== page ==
Theoria 75 (4):252-271 (2009)
AbstractIn this article I construe Russell's definite description notation as a fragment of an "ideal language"– a language in which, as Russell puts it in the "Logical Atomism" lectures, "the words in a proposition correspond one by one with the components of the corresponding fact." Russell's notation – containing as it does variables, quantifiers and the identity sign – commits him to an ontology that is lavish indeed. It thus conflicts with the spirit of the theory of descriptions, which is developed in the service of ontological frugality. I make use of arguments derived from the Tractatus to show that an ideal language need not contain logical signs. I thus defend the spirit of the theory of descriptions while departing from its letter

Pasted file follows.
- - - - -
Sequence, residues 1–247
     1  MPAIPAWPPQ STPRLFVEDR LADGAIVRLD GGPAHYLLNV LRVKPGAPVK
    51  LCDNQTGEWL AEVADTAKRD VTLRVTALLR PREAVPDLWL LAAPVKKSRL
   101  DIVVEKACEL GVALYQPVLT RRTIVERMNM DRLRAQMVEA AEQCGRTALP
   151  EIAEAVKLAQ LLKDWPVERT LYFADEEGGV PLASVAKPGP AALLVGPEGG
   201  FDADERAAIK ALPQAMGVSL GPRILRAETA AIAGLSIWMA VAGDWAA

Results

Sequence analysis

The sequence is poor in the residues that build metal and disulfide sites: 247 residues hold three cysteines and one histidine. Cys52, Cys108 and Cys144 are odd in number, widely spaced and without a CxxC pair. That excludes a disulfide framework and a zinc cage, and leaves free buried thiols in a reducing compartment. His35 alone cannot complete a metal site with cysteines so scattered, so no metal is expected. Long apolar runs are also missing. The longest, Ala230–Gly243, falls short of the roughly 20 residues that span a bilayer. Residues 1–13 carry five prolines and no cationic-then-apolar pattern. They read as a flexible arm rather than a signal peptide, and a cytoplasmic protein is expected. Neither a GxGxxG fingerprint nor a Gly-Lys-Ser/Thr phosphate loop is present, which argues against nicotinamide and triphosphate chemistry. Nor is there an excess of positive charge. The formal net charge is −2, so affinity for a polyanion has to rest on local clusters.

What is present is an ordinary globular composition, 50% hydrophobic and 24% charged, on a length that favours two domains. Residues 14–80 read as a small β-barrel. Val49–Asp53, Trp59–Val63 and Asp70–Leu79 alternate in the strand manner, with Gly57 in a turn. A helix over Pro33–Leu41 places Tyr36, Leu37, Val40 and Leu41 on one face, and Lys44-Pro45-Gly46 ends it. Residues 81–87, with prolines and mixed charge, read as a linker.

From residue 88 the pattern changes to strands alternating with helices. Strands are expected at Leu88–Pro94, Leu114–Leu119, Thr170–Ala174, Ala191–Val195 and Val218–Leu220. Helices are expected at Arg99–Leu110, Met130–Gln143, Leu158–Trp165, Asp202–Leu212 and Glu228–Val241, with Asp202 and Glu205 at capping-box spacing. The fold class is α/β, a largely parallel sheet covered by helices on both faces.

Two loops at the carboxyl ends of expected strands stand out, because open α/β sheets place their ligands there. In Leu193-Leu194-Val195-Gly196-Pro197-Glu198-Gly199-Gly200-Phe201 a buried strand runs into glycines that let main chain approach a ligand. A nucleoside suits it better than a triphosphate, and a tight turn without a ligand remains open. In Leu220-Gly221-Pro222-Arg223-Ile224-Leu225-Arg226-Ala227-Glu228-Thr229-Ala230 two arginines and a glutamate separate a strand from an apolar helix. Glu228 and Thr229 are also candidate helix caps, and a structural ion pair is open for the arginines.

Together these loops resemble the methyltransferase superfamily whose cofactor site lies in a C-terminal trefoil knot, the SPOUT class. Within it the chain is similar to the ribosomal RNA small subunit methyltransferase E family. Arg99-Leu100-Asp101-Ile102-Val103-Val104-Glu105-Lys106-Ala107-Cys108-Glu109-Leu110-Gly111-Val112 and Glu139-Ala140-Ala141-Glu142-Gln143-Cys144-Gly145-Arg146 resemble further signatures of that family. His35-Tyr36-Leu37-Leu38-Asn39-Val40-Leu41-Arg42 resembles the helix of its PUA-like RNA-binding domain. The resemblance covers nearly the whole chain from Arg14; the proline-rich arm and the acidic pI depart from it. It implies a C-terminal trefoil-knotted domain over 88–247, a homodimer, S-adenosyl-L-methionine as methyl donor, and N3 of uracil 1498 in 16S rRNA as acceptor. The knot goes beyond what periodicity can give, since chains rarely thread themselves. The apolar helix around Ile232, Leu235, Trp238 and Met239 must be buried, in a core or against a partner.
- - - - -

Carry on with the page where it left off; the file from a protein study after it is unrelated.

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References found in this work
Tractatus Logico-Philosophicus.Ludwig Wittgenstein, G. C. M. Colombo & Bertrand Russell - 1922 - Fratelli Bocca.
Introduction to Mathematical Philosophy.Bertrand Arthur William Russell - 1919 - London, England: Dover Publications.
Citations of this work
The Problem of False Belief and the Failure of the Theory of Descriptions.Max Rosenkrantz - 2016 - Theoria 82 (1):56-80.
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